DO NOT EXCEED YOUR ALLOWED TIME
stay a while after your talk - People may want to talk with you about it (white table)
do a self-evaluation BODY LANGUAGE Opening welcome the audience
introduce yourself
tell your name clearly and slowly
tell your title - only that one which is connected to the presentation
clear when and how the audience can ask questions
clear the "rules" and the process The beginning Two main purposes:
1. To grab the attention of your audience.
2. To calm yourself and gain self-confidence Structure
of presentations Attention-grabbers:
A funny story, if you feel able to deliver one with humour. Avoid religious, sexual, sexist or racist jokes.
A short video clip – make sure that it is less than 60 seconds.
Unusual or interesting statistics about your industry or about your audience. These should be well-researched. Members of the audience may know more than you.
A short animation. Content:
title of the presentation
goals -hypothesis
table of content of the presentation
time-frame
breaks Make a list of the
TOP10 mistakes
of a presenter can make 5 minutes TASK 1. No preparation and practice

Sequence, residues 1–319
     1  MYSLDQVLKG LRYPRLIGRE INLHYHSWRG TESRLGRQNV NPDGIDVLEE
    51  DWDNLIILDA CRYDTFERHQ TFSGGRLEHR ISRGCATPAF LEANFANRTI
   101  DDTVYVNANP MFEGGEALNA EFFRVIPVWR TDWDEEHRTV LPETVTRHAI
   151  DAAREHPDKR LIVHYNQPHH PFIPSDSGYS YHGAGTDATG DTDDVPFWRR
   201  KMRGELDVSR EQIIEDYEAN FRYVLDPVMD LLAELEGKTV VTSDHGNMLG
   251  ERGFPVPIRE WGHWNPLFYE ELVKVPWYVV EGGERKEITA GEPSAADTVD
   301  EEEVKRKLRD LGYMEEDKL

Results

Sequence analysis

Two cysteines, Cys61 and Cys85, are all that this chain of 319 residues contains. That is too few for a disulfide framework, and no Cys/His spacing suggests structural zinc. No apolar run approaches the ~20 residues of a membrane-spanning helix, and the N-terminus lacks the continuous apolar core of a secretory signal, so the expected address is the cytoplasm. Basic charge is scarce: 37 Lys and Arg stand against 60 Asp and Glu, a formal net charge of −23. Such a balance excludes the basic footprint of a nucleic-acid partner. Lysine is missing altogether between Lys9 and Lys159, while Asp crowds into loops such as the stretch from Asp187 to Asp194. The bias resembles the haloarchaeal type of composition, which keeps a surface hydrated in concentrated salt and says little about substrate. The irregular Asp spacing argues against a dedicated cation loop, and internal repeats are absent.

2. Too much self-confidence, focusing himself
3. Not clear
4. Too much information
5. Do not have the Big Idea - not creative
6. No any or little interaction with the audience, no eye contact
7. Problem of visual aids - no any or too much
8. Reading slides or notes
9. Using expletive words - uhm, anybody, ahm, you know
10. Do not call the attention of the audience Top10
mistakes Make a list of sentences
to begin with
to end
of your presentations 10 minutes TASK Show some gestures of
interest
boredom 10 minutes TASK GESTURES OF THE AUDIENCE
BOREDOM DO NOT INTERPRET GESTURES
OUT OF CONTENT OR ALONE! GESTURES OF THE AUDIENCE
INTEREST GESTURES OF THE AUDIENCE
DISAGREE GESTURES OF THE PRESENTER GESTURES OF THE PRESENTER
MOVEMENTS move to keep the interest of the audience
do not stand in the lights GESTURES OF THE AUDIENCE
I AGREE shaking the head
same gestures you do
open hands GESTURES OF THE PRESENTER
HANDS GESTURES OF THE PRESENTER
EYE CONTACT to call the attention of the audience
to show your trust and openness GESTURES OF THE PRESENTER
CLOSED AND OPENED True compliments TALK LANGUAGE Confernce in Cluj Napoca
experiences softens the blows we give each other
let us secretly manipulate
expose our own virtues
arrays emotions without being rude
effective communication Talk language =
meta language a language which encodes ideas other than the one of the naturally softens the blows we give each other
a language which encodes ideas other than the one of the naturally occuring language
a language hidden within the language Why is it useful? face to face communication - words mean 7%
truth - in the context and circumstances